Team Blog - Nick Dana - 15th November 2011

Tuesday, 15 November 2011 | by ADOR

The mighty Azzam still awaits her ship. The crew is doing the final preparations for the loading, which will hopefully be tonight. The load team consists of Justin Slattery, Simon Fisher, Wade Morgan, Ben Davis and myself. Considering the wind hasn’t dipped below 15 knots since we have been here, and the tide moves through at about 3 knots, we should have plenty on!

Wade met with the loadmaster this morning and it looks like we have a nice little spot carved out in the middle of the ship amongst a sea of 40ft. containers. Azzam will travel with rig out and on her keel. Everything on board is wrapped up, tied down and awaiting approval of the boat captain Wade.

We are following the race quite closely still, wishing we were out there battling out in the trades. Then again we are not complaining about the two-hour lunches with 3 different courses that you can actually chew. No doubt we will be the heaviest team once we reach Cape Town.

More updates to come, as we know more about the loading times. Never a dull sight seeing a Volvo 70 getting hoisted a hundred feet in the air, and placed down in a ship that makes it look like a toy boat in bath tub.

date: Tuesday, 15 November 2011 19:26:43 (Arabian Standard Time, UTC+04:00)

posted in:

Comments [1]

Team Blog - Nick Dana - 14th November 2011

Monday, 14 November 2011 | by ADOR

And so, the race to Cape Town has finished for us, and the race to get Azzam on the ship has started. It always amazes me that some of the world’s best sailors have other skills as well.

Yesterday saw Satterthwaite and associates carpentry masterclass. For four hours, Craig, Justin Ferris and Simon Fisher toiled away with chip board, 2x4 planks of wood and a selection of power tools and screws, to manufacture or new mast cradles that will hold our precious spar on the deck of the yacht all the way to Cape Town.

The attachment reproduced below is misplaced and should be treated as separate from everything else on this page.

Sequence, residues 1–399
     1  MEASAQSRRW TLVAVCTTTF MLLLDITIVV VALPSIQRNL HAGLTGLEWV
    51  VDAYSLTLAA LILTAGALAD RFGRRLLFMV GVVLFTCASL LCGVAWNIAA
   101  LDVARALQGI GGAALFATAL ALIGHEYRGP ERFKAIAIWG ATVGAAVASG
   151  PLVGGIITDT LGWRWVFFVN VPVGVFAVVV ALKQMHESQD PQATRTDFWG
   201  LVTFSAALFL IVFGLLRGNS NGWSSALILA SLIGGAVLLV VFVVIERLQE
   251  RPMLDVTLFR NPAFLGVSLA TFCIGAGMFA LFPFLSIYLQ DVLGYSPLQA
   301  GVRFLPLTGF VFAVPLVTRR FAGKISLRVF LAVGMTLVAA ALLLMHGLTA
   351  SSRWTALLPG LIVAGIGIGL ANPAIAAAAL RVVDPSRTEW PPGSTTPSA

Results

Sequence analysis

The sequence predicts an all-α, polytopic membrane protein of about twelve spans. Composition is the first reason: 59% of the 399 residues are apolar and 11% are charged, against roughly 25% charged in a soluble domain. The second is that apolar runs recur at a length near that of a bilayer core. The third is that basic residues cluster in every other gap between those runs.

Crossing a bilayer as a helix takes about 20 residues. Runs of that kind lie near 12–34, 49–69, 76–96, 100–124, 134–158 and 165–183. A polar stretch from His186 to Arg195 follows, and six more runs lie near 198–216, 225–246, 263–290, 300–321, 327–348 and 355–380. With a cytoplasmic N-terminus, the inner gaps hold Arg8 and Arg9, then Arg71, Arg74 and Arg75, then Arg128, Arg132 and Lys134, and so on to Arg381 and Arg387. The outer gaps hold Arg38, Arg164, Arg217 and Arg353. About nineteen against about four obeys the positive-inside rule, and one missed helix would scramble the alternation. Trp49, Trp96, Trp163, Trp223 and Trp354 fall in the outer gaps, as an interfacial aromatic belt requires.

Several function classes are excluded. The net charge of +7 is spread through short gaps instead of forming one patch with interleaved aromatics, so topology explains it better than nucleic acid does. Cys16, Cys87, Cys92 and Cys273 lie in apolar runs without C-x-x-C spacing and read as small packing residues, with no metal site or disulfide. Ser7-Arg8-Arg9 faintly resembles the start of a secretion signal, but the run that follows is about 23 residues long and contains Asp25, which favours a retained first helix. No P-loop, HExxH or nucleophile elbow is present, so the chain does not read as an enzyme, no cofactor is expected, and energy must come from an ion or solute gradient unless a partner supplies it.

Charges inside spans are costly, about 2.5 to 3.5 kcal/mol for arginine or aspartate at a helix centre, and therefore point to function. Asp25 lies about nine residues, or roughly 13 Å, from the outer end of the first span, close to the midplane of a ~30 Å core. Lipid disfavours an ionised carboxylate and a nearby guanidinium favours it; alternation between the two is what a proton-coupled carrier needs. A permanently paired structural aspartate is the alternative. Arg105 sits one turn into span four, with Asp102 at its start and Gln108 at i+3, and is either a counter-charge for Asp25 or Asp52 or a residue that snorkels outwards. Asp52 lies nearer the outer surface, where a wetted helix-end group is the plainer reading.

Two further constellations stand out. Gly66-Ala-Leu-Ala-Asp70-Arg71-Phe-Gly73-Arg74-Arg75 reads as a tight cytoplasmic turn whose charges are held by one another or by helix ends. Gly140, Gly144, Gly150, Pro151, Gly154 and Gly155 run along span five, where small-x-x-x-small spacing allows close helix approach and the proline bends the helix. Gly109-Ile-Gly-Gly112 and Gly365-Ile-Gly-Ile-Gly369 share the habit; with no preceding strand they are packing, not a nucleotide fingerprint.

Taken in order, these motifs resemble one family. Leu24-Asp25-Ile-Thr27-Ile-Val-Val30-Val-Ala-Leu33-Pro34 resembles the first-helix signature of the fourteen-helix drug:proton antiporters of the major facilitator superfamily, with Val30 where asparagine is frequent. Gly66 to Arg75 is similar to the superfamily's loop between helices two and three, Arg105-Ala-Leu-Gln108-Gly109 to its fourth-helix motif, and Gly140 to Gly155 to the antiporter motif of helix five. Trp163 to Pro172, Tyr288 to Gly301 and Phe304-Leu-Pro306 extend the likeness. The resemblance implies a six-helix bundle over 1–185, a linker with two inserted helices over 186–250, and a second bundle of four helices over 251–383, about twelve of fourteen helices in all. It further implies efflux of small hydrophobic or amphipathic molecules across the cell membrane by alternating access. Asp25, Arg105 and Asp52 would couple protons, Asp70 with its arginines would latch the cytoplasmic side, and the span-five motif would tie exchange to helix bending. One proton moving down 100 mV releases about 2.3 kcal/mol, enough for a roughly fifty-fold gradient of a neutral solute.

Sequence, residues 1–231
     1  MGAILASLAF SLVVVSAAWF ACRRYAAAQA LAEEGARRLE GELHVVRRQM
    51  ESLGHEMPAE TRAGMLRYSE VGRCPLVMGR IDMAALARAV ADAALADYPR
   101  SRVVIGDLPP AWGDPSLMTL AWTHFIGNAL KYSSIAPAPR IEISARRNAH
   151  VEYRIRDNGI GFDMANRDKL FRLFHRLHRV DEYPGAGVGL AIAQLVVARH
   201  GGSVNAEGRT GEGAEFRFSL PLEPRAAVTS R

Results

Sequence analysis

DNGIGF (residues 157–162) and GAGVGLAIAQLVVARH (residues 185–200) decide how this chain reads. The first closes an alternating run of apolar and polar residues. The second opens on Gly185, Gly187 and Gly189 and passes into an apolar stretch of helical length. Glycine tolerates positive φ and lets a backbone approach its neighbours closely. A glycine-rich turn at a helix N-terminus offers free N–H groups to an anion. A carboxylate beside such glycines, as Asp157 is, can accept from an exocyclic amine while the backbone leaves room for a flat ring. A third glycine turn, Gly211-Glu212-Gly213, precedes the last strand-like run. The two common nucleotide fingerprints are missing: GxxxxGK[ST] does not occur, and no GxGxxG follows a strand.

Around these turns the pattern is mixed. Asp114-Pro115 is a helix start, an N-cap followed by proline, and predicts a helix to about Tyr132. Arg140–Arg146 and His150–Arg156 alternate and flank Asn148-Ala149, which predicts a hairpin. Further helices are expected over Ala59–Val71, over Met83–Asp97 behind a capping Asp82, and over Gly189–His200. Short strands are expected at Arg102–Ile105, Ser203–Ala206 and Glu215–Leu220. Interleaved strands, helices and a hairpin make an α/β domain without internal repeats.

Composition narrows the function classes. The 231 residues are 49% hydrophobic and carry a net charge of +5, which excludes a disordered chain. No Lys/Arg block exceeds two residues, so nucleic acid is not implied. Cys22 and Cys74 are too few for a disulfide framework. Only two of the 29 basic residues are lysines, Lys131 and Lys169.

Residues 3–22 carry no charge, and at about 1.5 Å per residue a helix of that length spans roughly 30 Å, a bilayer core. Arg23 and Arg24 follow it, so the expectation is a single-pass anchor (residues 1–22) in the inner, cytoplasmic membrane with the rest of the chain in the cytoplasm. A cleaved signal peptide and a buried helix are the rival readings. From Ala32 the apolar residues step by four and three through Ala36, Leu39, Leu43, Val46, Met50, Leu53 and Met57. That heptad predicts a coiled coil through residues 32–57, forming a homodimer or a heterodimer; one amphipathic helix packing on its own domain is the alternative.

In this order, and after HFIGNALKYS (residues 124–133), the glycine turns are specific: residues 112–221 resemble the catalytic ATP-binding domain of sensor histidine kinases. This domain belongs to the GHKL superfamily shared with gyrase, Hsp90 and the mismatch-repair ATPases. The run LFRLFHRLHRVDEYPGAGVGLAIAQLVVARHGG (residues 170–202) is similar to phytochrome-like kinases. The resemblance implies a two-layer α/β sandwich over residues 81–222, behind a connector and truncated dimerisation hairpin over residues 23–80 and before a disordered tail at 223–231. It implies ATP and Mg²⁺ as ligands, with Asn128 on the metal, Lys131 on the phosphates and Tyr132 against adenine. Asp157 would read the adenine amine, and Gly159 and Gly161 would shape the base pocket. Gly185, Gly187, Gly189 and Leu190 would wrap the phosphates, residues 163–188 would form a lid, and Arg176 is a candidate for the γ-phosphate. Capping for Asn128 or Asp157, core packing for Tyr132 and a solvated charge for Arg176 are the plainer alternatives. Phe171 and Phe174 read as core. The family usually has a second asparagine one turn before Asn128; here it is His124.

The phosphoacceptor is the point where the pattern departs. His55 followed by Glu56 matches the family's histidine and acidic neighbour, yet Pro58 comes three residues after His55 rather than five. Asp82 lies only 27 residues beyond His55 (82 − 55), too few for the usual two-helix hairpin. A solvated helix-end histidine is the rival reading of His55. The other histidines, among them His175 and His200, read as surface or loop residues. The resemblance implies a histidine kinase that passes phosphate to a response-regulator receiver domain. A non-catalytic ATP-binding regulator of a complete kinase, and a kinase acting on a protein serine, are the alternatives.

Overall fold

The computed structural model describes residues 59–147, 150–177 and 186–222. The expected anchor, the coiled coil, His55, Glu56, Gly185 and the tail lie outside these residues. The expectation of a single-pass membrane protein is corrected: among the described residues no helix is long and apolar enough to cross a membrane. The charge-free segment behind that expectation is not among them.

While there is still a real sense of loss, there is also a real sense of camaraderie amongst the team that warms the heart… having trained for three months in Cascais near Lisbon we have many friends here who have dropped everything.

Vincent, and his wife Joana have even left their 1-year-old daughter with their in-laws and become our lifesavers here on the dock, shipping, organising and even brining the food down to the lads.

It's at times like these that we should remember what a special sport sailing is, to have friends around the world, who are prepared to put family aside, to help a fellow racer in a time of need.

date: Monday, 14 November 2011 12:22:57 (Arabian Standard Time, UTC+04:00)

posted in:

Comments [0]

Team Blog - Ian Walker - 12th November 2011

Saturday, 12 November 2011 | by ADOR

After deciding to divert to Lisbon and head to Cape town by ship rather than sailing, Abu Dhabi Ocean Racing now have a new race against time.

Azzam needs to arrive in Lisbon by Sunday morning in order to have time to take down and pack up their spare mast so that the yacht can be loaded onto a ship on Monday morning. Currently their trip is going well and they are 150 miles South of Lisbon in building South Easterly winds.

Ashore the team are frantically getting everything in place and ready for the yachts arrival.